Invention of the Water Frame Summary

  • Last updated on November 10, 2022

Richard Arkwright’s invention of the water frame increased the supply of high-quality yarn and significantly accelerated the development of the factory system, which was a key component of the Industrial Revolution.

Summary of Event

When Sir Richard Arkwright developed his water frame, the weaving of cotton Cotton industry cloth was already a rapidly developing industry in England. The joint tasks of spinning cotton fiber into thread and then weaving the thread into cloth were both accomplished in private homes. Textile factories did not yet exist. Numerous entrepreneurs and inventors were searching for ways to gain a comparative advantage in order to improve their profit margins. [kw]Invention of the Water Frame (1767-1771) [kw]Frame, Invention of the Water (1767-1771) [kw]Water Frame, Invention of the (1767-1771) Water frames Textile industry [g]England;1767-1771: Invention of the Water Frame[1830] [c]Inventions;1767-1771: Invention of the Water Frame[1830] [c]Science and technology;1767-1771: Invention of the Water Frame[1830] [c]Manufacturing;1767-1771: Invention of the Water Frame[1830] Arkwright, Sir Richard Kay, John Highs, Thomas Strutt, Jedediah Hargreaves, James Boulton, Matthew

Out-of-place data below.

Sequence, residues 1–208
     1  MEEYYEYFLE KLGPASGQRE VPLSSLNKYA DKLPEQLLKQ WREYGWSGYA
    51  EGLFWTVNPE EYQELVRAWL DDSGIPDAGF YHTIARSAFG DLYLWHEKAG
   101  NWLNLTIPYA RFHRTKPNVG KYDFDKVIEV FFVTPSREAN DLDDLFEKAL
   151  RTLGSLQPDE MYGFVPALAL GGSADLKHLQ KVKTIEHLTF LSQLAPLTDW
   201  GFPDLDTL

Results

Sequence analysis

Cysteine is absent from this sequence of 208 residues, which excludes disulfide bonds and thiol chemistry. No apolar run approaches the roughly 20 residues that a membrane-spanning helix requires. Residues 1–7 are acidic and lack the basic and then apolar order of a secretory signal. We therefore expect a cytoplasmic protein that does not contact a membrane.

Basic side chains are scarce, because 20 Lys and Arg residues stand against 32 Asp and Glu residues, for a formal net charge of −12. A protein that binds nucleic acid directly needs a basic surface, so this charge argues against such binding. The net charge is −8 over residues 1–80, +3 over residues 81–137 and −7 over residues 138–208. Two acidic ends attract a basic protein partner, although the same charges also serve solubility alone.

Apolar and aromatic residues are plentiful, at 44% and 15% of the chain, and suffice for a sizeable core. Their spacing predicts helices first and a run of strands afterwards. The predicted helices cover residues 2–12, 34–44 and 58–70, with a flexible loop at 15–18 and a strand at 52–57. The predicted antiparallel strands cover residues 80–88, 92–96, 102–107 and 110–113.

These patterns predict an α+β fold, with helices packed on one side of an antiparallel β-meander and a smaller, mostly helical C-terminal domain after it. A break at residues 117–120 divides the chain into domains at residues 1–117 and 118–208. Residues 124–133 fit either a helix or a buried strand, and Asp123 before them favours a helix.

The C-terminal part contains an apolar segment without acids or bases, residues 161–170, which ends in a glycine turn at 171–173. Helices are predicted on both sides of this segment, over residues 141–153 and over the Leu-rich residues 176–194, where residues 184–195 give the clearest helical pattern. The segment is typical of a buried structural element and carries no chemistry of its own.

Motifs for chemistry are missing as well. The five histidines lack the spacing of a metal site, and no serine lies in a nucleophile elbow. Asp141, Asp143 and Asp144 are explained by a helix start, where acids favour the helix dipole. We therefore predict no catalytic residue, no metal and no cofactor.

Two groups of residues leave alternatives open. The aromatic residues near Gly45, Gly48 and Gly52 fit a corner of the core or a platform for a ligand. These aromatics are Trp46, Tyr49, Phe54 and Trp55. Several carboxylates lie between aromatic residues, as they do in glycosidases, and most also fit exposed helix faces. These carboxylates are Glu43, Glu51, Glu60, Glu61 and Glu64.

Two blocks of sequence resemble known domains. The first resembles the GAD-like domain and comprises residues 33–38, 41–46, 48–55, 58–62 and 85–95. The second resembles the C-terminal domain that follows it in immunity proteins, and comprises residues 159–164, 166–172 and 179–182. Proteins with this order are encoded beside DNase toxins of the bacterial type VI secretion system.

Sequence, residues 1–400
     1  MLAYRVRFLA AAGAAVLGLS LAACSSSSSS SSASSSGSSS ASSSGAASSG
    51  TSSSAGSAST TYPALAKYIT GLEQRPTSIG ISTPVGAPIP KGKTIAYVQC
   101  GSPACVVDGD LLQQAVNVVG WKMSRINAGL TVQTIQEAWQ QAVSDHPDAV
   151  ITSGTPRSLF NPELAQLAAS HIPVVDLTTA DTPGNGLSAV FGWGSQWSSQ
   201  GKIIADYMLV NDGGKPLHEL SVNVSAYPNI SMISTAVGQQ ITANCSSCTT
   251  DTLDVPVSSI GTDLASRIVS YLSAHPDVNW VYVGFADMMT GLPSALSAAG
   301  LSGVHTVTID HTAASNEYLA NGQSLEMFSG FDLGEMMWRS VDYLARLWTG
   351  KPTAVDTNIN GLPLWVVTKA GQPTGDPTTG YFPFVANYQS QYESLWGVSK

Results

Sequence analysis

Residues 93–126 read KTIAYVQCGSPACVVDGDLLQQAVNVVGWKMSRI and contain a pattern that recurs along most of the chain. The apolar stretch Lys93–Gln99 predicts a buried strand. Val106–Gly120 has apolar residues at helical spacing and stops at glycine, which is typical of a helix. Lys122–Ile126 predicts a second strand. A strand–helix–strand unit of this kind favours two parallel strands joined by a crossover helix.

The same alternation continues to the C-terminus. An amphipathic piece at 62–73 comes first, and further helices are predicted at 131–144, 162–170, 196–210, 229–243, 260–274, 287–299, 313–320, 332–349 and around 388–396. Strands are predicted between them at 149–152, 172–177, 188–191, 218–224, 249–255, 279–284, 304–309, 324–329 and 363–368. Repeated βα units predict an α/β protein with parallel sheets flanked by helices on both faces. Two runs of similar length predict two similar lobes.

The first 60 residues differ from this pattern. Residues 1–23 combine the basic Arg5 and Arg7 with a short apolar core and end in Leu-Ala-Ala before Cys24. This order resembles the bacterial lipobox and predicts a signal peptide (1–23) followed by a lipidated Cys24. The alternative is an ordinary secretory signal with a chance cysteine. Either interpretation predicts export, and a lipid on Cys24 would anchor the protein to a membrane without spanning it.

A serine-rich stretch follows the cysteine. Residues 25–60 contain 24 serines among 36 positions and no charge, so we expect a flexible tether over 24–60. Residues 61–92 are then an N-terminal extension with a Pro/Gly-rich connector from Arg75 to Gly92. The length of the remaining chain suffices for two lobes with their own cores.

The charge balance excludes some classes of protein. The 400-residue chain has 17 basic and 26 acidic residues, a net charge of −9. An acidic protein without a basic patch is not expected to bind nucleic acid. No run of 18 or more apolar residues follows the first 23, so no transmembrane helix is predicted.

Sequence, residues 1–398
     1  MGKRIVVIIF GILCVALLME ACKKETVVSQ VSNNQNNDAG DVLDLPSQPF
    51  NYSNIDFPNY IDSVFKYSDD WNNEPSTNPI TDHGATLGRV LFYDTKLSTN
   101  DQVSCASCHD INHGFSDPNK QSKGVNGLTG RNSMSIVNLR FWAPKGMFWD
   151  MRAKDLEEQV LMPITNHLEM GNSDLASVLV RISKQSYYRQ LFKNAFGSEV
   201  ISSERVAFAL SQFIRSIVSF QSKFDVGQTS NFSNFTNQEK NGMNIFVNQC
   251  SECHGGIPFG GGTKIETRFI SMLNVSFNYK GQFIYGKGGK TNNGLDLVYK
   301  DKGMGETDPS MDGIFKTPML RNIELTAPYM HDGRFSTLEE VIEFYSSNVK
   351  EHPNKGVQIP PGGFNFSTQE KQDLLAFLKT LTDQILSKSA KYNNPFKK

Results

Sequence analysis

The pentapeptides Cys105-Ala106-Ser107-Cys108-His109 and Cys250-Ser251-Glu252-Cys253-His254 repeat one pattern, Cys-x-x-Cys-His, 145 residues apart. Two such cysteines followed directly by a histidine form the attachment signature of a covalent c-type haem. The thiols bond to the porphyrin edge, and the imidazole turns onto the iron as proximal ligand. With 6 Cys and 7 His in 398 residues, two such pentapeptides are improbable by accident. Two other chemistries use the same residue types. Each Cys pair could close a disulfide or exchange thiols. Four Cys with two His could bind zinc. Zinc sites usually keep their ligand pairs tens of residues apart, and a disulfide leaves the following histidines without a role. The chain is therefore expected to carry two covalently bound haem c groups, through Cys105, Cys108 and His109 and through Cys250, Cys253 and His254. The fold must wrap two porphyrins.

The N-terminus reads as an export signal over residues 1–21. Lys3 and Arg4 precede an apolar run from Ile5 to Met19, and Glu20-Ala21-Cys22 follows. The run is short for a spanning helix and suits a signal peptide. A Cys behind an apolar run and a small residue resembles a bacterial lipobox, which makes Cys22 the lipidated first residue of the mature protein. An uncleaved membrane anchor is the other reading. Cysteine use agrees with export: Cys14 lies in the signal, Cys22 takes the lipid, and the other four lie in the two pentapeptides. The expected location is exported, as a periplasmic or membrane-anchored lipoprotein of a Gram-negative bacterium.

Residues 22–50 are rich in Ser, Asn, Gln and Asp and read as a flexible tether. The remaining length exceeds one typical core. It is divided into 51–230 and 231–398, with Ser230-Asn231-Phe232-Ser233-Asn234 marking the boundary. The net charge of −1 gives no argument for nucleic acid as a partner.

A number of technological improvements prepared the way for Arkwright’s invention. In 1733, John Kay had patented the flying shuttle, which greatly improved the efficiency of weavers. About 1764, James Hargreaves invented the spinning jenny, a hand-powered machine that operated several spindles simultaneously. The latter machine’s major limitation was that its thread was not strong enough to be used for warp (thread extending lengthwise in a loom), but could only be used for weft (the crossways yarn). Still, Hargreaves’s invention was the first significant improvement upon the spinning wheel. It turned out to be impossible to keep the innovations of Kay and Hargreaves secret, and textile manufacturers throughout northern England surreptitiously used their devices without any regard to patent rights.

Arkwright began his career as an apprentice barber and paruke maker. In 1755, he set up his own shop in Deansgate. After acquiring a secret method for dyeing hair, he hired a skilled wig maker and spent much time traveling through the country to purchase human hair for the business. In his travels, Arkwright had contact with spinners and weavers. When he moved to the town of Leigh, in Lancashire, he learned that Thomas Highs, with the assistance of a clockmaker named John Kay (no relation to the inventor of the flying shuttle), had built an experimental spinning machine. The fashion of wearing wigs was on the decline, and Arkwright was looking for other means to earn his livelihood.